One lesson coming from last night's Florida primary: if you thought there were legions of tea party voters eager to support 'one of their own' running for office, you are mistaken. In every race with a grassroots candidate in it (speaking statewide here) there is single digit loss after loss. The career politicians and bureaucrats still rule at the ballot box.
But this does not have to be. Many of the mistakes of the tea party movement can be traced to running multiple grassroots candidates in the same race. Congressional District's 8 and 24 in central Florida are great examples of this.
Both had 3-4 conservative/constitutional tea party activists trying to win office for the first time. Pro's know that even winning a primary requires a lot of money AND volunteers. Splitting this up between multiple candidates yields the kind of results we saw last night. Lesson? Next time try and figure out who has the most resources, then persuade weaker candidates to 'get behind a winner'.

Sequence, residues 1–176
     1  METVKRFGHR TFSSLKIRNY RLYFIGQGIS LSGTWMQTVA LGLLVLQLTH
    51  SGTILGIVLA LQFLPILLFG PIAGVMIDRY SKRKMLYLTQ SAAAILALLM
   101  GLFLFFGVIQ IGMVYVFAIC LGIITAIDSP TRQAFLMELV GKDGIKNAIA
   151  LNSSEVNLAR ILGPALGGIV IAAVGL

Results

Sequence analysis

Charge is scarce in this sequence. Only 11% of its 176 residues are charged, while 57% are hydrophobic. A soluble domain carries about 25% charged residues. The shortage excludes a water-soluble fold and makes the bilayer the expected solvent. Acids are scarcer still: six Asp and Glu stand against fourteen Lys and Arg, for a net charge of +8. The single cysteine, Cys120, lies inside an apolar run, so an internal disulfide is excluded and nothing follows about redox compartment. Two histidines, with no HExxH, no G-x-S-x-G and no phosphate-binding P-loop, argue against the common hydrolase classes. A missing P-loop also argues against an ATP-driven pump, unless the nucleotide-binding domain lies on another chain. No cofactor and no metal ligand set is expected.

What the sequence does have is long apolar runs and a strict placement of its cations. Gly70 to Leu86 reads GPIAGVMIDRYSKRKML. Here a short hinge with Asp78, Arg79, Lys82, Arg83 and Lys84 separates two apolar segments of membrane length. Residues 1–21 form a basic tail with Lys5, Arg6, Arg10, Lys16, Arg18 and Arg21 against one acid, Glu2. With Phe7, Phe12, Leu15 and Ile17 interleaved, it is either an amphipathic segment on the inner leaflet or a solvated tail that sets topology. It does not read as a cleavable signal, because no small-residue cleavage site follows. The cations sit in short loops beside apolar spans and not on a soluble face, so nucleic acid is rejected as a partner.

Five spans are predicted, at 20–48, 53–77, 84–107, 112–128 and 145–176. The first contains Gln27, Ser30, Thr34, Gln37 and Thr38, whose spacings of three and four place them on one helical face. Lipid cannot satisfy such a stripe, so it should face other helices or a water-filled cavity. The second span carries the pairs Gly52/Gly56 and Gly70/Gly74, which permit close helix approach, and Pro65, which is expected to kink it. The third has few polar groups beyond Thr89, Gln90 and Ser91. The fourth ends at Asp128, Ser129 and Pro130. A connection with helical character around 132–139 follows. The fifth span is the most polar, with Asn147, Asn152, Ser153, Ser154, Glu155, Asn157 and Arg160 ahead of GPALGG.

Likely these mistakes of underfunding and splitting votes will not be repeated again.
What is more troubling is the apparent lack of tea party voters at the poles. Statewide only about 23% registered voters bothered to go to the polls. In some major Florida counties, turnout was BELOW 20%. Wasn't this supposed to be the year of outraged voters yelling 'I'm mad as hell and I'm not going to take it anymore!'
Sounds more like a whimper to me!!
Well we live and learn. I've talked to several tea party organizers, activists, and candidates. Most are pretty depressed and I can't blame them. When you give you're all to a race and then see dismal results, you have every right to 'not even want to get out of bed the next morning' as one campaign aide told me.
One tea party leader even told me that "the tea party movement in Florida is dead." Say it ain't so! But the dwindling numbers at various state events indicate otherwise.
There's always November. Another battle is brewing. Time to get to work!